In this year without anything resembling normalcy, Andrew and I have—like most people—really missed our vacation getaways. We vacation well together, whether it's a quick trip to Seattle or an over-seas adventure exploring London. We finally got away at the end of October with a 3-night COVID-safe adventure in Hood River, Oregon. We took the long-way round to get there—around the back side of Mt Hood—so it was 2-hour trek, as opposed to the quick 1-hour direct route. That way it seemed more like a real get-away.
I've got some great (I think) shots of our nature adventures, but today I'm sharing the agaves I discovered at Taco Time, in The Dalles, Oregon.
For those of you that don't know The Dalles, it's about 80 miles east of Portland, on the Columbia River. Taco Time is a fast-food restaurant chain specializing in Mexican food, founded in Eugene, OR, in 1960.
As for us, we'd been out adventuring all day and were headed back to our hotel in Hood River when we decided to swing by Starbucks in The Dalles on our way—thank god! Taco Time was right across the street. That's when I remembered a long ago blog commenter had tipped me off to these exotic plantings, I just hadn't made it to see them, until now. I did a little digging on the history of the location. Here's an image of the restaurant under remodel in late 2018...
...and here's May of 2012. Oh my!
This restaurant has a bit of a storied history. As part of a plot by the Baghwan Shree Ranjnees in the mid-1980's, the salsa bar was contaminated with salmonella in an attempt to poison residents and thus suppress an important local vote. "The attack on The Dalles Taco Time salsa bar and nine other restaurants remains the first, largest, and worst bioterrorism attack in the US" (source).
We didn't go inside so I can't tell you if the salsa bar is still open. I can however report there is a pretty amazing collection of yucca and agaves, for example this grouping, surrounded by parking lot on the left and drive-thru on the right.
I think this, and the next one, are both Agave parryi.
Maybe conglomeration of Agave 'Blue Glow'?
I'm guessing Agave 'Mr. Ripple'...
And of course, Yucca rostrata.
Not every plant is going to be successful.
An interestingly malformed Agave 'Blue Glow'...complete with straw accessory.
One last look at the drive-thru island...
And we head over to the strip along the parking lot and street.
Trachycarpus of some sort...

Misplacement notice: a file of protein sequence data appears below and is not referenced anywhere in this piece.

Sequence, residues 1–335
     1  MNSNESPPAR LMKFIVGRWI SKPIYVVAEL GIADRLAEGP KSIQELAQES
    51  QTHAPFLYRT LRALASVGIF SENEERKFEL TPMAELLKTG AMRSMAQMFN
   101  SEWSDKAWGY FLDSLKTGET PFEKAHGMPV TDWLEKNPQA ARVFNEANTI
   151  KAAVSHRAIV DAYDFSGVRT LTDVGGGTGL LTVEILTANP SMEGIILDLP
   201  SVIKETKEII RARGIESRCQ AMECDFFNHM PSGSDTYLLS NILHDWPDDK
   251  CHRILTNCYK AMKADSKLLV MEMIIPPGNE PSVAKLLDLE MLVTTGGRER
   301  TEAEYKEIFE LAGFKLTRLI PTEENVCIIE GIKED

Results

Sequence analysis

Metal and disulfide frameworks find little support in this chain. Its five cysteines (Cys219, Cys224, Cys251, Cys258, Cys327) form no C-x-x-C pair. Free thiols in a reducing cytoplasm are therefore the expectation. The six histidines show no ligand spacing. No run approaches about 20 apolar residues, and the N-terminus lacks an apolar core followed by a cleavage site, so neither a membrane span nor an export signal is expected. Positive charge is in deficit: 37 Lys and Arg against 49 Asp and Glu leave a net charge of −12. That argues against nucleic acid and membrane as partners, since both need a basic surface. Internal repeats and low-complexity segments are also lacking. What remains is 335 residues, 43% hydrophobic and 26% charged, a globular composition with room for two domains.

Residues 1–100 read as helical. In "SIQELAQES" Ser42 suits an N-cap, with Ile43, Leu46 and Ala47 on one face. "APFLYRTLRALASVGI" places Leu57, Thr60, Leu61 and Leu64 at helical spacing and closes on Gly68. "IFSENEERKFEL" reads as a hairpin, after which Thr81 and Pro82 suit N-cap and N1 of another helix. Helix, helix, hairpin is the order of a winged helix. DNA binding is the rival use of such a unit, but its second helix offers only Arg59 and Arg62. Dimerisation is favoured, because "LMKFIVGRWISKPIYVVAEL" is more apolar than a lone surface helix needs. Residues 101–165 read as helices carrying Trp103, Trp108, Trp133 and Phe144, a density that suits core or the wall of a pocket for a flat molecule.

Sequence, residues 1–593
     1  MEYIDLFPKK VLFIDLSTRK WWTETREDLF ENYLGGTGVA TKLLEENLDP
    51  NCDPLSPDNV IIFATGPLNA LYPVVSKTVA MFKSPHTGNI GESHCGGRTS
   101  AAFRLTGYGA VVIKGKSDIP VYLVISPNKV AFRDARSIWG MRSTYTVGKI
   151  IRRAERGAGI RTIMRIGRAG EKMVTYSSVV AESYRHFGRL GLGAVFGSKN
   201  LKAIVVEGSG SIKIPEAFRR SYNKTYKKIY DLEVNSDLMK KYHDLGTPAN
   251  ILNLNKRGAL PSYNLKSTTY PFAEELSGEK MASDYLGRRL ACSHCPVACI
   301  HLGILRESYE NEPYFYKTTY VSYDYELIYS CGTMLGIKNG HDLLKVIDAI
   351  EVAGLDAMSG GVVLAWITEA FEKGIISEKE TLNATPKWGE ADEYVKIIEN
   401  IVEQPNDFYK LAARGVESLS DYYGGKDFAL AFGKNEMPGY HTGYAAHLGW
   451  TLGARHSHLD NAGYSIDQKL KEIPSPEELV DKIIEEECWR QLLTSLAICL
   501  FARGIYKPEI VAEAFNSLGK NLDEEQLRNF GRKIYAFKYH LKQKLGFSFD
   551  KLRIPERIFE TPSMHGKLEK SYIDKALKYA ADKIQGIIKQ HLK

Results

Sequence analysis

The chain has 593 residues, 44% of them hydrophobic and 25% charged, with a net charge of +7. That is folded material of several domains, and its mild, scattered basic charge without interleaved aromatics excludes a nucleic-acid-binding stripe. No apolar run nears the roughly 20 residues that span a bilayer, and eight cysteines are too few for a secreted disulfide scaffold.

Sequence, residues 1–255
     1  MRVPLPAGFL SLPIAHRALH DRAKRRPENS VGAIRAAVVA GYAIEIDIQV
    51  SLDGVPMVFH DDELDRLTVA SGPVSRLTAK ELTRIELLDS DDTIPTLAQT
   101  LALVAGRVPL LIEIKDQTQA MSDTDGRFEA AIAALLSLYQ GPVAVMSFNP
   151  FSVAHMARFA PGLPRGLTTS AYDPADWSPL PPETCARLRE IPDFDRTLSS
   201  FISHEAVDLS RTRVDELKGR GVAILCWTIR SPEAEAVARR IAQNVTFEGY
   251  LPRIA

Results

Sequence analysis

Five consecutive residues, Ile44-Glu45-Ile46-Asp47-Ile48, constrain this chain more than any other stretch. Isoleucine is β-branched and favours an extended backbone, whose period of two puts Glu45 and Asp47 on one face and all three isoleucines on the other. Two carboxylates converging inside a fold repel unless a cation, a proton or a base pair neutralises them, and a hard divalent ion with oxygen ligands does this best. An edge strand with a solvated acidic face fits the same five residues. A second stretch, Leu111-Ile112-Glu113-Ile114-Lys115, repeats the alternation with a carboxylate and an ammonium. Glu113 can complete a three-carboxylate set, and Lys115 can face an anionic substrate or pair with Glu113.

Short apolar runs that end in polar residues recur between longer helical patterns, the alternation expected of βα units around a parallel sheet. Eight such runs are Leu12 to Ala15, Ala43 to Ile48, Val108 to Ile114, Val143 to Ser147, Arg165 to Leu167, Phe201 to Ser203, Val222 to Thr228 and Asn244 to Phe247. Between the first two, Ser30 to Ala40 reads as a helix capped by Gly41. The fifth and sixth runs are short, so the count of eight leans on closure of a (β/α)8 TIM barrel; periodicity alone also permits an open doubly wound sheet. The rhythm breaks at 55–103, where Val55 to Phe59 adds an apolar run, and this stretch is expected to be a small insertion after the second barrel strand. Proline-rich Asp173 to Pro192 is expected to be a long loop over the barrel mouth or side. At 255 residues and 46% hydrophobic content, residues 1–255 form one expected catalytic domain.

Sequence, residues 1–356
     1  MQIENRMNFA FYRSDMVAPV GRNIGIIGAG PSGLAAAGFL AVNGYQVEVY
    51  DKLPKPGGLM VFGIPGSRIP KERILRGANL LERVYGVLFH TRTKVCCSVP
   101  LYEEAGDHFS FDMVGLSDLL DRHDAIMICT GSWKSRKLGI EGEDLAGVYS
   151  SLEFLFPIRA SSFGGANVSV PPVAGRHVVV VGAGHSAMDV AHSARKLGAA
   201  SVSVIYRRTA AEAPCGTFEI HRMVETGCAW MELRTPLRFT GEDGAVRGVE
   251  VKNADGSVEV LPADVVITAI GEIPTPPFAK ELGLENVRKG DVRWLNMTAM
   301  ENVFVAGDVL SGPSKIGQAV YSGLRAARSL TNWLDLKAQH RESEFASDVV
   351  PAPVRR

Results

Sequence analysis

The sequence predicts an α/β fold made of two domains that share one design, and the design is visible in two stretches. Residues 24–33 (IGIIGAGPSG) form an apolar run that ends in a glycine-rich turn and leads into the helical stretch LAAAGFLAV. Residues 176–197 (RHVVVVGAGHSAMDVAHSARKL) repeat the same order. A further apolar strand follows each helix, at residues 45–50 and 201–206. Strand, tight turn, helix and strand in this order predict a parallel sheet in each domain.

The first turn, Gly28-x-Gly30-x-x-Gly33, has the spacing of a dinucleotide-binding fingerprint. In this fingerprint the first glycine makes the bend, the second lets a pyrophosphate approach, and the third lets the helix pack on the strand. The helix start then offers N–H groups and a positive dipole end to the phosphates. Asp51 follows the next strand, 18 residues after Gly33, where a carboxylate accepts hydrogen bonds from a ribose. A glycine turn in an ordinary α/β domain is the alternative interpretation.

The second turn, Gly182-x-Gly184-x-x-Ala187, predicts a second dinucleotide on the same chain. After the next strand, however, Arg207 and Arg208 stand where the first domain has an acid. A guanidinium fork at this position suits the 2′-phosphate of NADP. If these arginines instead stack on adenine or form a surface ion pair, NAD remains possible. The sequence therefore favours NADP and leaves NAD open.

And a nice little yucca and agave planting—with rocks so the agaves can't be smashed by big trucks cutting the exit a bit close.
As I was walking around taking photos my mind was trying to pin down what the climate here is like. I knew it was drier than Portland (14" rain annually where as Portland gets 36") but I wasn't sure how cold their winters were. Here's what I found online: "The area receives measurable snowfall virtually every year, but the snow totals fluctuate dramatically from one year to the next; some seasons see only one or two brief light snow events while others get major snowstorms and cumulative totals of 20 inches (0.51 m) or more....Average winter temperatures are only about 3 to 5 °F (1.7 to 2.8 °C) colder than in cities such as Portland and Seattle, and temperatures below 0 °F or −17.8 °C are very rare, but not unheard of – historically occurring on three mornings out of every five winters, but only once since February 1996." (source) So a little colder, but what would really get me is the wind. It's in the Columbia River Gorge after all, a natural wind tunnel.
Now I've walked to the front of the restaurant on the main street.
This planting is next to the small outdoor eating area.
Another 'Mr. Ripple' perhaps?
The outdoor tables are behind that short wall.
And framing the drive through is this narrow planting.
I thought this agave had some 'ovatifolia' overtones, but those I consulted online said no, it's an Agave parryi, although some offered that it might be an A. 'havardiana'.
The landscape fabric in this shot had me scratching my head. Is it under all the mulch?
Weather Diary, Nov 8: Hi 47, Low 31/ Precip 0
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